Temporary manager Neil Redfearn believes a lack of professionalism is running through his Leeds players, having watched them slip to a 2-1 injury-time defeat to Brighton.
Alan Navarro's 91st-minute winner ensured the Seagulls remain unbeaten in 2012, but condemned United to a sixth home defeat of the season. That statistic alone is one of the reasons why Redfearn has been asked to stand in by chairman Ken Bates, who last week dismissed Simon Grayson as manager amid fears that the club's promotion hopes were fading.
"Conceding two so late on is a trait that has run through this season and you can understand why it's been a problem," said Redfearn.
"Clean sheets win football matches, as daft as it sounds. What they (the players) don't realise is, this is a fantastic club and a fantastic way to earn a living. I need to instil that in them. The problems that have been there in the past are there to see. It's a lack of professionalism and that's something that has run through for a while."
While Redfearn and Neil Warnock head the betting to replace Grayson, Seagulls boss Gus Poyet is another to have been linked with being his successor, having worked at the club before and also being a friend of Bates.
The Uruguayan played under the veteran owner at Chelsea and was Leeds' assistant manager during their memorable recovery from a 15-point deduction in 2008.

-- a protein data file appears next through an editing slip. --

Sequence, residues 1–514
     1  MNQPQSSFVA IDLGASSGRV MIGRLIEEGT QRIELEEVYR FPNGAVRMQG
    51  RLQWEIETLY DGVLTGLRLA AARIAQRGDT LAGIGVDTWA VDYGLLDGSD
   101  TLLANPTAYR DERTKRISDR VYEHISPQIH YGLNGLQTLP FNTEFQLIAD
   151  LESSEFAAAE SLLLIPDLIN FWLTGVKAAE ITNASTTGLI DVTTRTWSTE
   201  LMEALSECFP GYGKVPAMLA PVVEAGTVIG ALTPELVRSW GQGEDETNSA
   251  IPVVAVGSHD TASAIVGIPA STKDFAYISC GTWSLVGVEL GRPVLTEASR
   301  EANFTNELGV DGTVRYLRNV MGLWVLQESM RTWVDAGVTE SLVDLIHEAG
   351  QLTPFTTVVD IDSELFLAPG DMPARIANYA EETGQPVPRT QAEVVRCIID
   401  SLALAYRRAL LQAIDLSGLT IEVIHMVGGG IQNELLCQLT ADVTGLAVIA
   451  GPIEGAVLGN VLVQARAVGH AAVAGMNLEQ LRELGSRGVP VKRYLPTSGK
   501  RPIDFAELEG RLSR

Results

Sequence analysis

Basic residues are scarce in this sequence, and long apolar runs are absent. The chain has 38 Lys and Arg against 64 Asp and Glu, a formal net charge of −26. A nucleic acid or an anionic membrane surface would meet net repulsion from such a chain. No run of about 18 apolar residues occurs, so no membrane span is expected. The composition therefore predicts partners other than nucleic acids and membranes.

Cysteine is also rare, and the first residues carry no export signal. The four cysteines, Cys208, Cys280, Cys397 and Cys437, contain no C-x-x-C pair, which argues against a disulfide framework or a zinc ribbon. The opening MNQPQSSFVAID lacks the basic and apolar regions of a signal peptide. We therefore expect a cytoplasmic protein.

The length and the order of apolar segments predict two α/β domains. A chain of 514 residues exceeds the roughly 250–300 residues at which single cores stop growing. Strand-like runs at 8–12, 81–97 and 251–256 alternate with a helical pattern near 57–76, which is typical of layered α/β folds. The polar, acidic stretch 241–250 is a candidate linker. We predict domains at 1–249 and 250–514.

He was keen to express his happiness at his situation at Brighton when asked if he would like to return to Elland Road, but stopped short of ruling it out entirely.
"I had a great time here and when I came out of the tunnel and looked to the left (at the Revie Stand) it was unique. There are not many places like that," he said.
"I always try to be honest and I try not to think about what managers will go. But Leeds is a special one. I prefer to wait. If the day is coming, it is coming and then I will think. I am lucky at the moment. It's a good time to be at Brighton, I make a lot of decisions.
"I say there is no chance (of wanting to leave), but it is difficult to say when the place (Leeds) is so spectacular for me. It would be great. I would love, in the future, to manage Leeds. I would love to come back, but at the moment the timing is not quite right. For those who want me back, I am sorry."